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Volcanic activity and the local environment

Date:
09 December 2015
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Event type:
Lecture
Organised by:
1. Geological Society Events
Venue:
Burlington House, London
Accessibility:
Event status:
EVENT CLOSED

The local environmental effects of pyroclastic flows and lavas are obvious in their coverage and destruction of the land surface. Persistently active volcanoes by their very nature erupt in a regular manner and effects over time are not so obvious.

For the most part, persistently active volcanoes emit gases rather than rock. High profile debates and international agreements to reduce anthropogenic pollutants, which are major contributors to the greenhouse effect, have focused attention away from the ongoing and uncontrollable volcanic output of these and other gases.

However, it is increasingly obvious that the volcanic gas flux is a significant proportion of the total flux. 

Our interdisciplinary study is based at Masaya volcano (Nicaragua) because of the varying environmental conditions at Masaya seen through time and the persistent, low level of eruptive activity. This project seeks to track and quantify the volatile flux at Masaya from the source magma, through the volcanic plume, to the local environmental sinks in the soil and water, and the flora and fauna.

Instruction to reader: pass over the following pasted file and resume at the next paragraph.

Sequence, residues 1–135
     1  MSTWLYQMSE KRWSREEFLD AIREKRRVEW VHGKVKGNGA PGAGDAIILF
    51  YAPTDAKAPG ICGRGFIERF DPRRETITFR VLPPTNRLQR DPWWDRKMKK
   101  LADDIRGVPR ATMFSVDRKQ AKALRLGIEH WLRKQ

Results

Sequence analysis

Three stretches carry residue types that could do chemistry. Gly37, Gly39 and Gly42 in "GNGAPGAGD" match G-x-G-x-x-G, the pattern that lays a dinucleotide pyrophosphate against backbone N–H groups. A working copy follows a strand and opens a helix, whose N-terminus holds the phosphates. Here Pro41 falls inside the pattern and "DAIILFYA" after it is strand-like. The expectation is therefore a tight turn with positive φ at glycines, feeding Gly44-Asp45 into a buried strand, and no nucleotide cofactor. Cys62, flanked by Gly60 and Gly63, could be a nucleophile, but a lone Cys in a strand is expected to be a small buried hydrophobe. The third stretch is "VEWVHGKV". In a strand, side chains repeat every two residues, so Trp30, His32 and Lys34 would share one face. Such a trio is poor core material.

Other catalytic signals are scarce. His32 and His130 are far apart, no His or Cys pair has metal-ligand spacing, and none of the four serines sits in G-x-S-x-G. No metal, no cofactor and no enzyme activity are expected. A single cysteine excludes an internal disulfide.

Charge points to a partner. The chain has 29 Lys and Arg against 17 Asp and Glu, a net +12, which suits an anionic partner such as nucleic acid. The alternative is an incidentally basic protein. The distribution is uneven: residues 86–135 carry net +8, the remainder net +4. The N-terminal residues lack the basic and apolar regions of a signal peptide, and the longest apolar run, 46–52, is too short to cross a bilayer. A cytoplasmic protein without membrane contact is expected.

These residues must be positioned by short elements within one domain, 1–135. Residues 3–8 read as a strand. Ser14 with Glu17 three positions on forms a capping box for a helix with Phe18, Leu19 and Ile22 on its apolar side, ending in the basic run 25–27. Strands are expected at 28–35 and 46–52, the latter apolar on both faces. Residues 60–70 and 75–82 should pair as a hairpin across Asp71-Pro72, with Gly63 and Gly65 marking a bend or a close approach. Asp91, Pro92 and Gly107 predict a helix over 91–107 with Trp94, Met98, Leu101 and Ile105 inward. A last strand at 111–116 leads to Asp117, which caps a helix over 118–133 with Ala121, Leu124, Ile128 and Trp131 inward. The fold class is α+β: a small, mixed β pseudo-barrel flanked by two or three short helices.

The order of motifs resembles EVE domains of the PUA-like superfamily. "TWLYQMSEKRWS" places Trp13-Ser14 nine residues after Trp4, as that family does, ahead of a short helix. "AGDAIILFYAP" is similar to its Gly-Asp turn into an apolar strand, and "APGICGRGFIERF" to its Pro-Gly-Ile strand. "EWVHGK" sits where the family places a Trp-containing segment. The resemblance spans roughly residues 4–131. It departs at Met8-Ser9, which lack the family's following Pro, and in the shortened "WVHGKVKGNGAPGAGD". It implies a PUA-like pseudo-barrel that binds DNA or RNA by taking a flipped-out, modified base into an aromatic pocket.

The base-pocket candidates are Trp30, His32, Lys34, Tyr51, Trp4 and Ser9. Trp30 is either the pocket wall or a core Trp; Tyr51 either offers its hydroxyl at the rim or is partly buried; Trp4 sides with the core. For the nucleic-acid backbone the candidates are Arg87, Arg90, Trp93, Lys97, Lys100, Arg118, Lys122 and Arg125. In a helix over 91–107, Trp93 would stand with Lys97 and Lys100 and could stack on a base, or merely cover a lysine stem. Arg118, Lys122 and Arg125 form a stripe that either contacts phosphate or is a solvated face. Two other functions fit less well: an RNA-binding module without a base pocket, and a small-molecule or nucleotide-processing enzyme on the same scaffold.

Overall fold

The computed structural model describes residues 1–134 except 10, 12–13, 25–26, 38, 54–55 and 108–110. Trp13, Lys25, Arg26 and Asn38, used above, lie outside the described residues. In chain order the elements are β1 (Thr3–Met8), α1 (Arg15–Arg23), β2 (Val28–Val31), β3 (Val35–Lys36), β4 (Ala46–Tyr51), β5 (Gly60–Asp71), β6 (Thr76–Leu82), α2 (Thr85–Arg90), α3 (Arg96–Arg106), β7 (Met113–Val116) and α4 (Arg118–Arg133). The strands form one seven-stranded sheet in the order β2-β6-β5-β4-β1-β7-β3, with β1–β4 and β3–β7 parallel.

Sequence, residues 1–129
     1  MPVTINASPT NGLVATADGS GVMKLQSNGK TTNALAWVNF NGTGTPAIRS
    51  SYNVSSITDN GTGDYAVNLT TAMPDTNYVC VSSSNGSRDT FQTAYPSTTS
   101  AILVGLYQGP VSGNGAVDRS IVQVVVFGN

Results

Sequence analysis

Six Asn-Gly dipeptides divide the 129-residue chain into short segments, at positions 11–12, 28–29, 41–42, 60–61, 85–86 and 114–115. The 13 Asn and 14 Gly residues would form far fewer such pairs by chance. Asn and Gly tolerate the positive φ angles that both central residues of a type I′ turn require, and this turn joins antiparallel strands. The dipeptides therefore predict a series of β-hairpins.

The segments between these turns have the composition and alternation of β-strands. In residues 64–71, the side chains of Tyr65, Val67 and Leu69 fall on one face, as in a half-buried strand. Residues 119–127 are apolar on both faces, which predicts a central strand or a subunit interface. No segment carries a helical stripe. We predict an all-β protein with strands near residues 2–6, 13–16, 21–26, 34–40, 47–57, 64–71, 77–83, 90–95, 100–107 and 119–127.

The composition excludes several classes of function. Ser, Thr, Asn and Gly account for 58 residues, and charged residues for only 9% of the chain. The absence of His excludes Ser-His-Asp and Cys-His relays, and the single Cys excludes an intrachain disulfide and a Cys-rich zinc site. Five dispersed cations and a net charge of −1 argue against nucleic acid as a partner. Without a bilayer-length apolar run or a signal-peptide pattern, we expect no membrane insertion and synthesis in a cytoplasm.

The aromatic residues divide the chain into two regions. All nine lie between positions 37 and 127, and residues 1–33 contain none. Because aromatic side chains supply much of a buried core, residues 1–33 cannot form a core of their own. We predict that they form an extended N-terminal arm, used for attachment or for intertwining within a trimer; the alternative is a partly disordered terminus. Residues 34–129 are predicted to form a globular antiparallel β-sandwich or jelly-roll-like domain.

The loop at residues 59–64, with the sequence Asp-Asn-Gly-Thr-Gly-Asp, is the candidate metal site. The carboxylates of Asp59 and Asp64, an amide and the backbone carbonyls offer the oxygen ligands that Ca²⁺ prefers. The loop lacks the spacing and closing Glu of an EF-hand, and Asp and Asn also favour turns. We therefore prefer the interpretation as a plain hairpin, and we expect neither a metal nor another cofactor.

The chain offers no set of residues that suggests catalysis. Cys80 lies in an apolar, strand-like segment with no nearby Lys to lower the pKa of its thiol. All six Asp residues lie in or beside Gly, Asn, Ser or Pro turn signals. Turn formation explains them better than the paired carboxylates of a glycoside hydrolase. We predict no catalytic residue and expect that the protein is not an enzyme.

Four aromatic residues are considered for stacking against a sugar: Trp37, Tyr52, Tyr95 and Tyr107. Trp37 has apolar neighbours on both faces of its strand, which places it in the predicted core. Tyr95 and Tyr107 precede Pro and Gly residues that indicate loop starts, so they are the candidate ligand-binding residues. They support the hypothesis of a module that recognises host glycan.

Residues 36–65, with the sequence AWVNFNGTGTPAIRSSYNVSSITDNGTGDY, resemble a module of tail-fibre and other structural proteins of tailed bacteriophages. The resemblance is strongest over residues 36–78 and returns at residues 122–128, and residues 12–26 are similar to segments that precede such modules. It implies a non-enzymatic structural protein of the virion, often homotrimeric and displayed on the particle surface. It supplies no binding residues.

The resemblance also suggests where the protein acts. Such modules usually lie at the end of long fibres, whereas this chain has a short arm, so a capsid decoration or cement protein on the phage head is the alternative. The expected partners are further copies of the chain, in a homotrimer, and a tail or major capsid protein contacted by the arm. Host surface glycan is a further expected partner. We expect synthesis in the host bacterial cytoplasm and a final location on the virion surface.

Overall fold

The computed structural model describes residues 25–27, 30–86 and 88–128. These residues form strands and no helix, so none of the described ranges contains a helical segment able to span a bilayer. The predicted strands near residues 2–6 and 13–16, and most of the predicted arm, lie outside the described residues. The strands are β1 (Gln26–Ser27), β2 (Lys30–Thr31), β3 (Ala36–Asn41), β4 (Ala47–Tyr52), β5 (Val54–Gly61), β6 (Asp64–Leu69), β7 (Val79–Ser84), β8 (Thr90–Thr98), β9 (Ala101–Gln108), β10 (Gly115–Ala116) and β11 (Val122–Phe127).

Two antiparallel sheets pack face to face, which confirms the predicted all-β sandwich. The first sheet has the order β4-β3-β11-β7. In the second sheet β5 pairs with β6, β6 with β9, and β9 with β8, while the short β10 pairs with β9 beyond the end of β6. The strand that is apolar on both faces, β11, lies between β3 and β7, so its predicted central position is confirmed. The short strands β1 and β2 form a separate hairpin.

A highly significant feature of this work is its longevity. This work builds on a project that began in 1993 and already represents a uniquely long and continuous data set of integrated volcanological and ecological surveys. 

Speaker 

Hazel Rymer - Open University

Hazel is presently Dean and Director of Studies in the Faculty of Science and Professor of Environmental Volcanology.

She has developed and championed the use of microgravity as a tool for monitoring active volcanoes and has used this method to identify sub-surface processes at calderas in a state of unrest and at persistently active volcanoes. This has given geoscientists considerable insight into the range of mechanisms responsible for initiating and sustaining volcanic activity.

The technique she pioneered is now the standard method for gravity monitoring on volcanoes; it remains the only way to quantify the sub-surface mass changes that occur before, during and after eruptions. Her current research integrates geophysical methods with environmental & ecological monitoring to determine the local impact of persistently active volcanic activity.


Geolsoc Contact

Sarah Woodcock

Geological Society of London
Burlington House
Piccadilly, London
United Kingdom
W1J 0BG